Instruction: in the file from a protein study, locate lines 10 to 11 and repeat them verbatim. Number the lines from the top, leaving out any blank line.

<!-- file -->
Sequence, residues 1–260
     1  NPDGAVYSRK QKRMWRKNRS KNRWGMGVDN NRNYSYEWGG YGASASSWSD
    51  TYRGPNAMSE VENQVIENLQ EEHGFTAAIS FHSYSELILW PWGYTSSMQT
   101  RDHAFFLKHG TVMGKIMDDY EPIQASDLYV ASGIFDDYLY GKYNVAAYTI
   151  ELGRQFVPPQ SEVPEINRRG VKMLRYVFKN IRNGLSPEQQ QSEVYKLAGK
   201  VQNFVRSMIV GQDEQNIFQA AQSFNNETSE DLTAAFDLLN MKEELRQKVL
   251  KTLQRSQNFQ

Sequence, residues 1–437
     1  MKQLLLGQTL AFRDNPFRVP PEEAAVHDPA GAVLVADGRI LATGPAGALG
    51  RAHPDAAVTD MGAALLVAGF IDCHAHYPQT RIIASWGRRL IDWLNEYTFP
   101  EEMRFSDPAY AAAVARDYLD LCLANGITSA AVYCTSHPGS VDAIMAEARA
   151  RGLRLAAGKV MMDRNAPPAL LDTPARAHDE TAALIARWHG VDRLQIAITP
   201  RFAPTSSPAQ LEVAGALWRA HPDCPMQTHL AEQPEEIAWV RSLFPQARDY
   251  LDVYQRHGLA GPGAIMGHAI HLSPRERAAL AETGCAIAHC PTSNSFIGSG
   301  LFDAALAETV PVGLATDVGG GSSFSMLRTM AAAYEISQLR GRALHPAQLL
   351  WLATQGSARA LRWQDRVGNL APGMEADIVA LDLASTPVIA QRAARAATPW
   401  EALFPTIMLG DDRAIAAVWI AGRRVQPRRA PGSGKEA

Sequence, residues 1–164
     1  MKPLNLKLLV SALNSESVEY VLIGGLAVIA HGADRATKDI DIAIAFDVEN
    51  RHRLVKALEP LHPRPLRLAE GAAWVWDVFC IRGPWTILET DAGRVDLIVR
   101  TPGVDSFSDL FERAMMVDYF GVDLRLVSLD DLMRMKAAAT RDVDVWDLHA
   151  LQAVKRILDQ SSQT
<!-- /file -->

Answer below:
    51  RAHPDAAVTD MGAALLVAGF IDCHAHYPQT RIIASWGRRL IDWLNEYTFP
   101  EEMRFSDPAY AAAVARDYLD LCLANGITSA AVYCTSHPGS VDAIMAEARA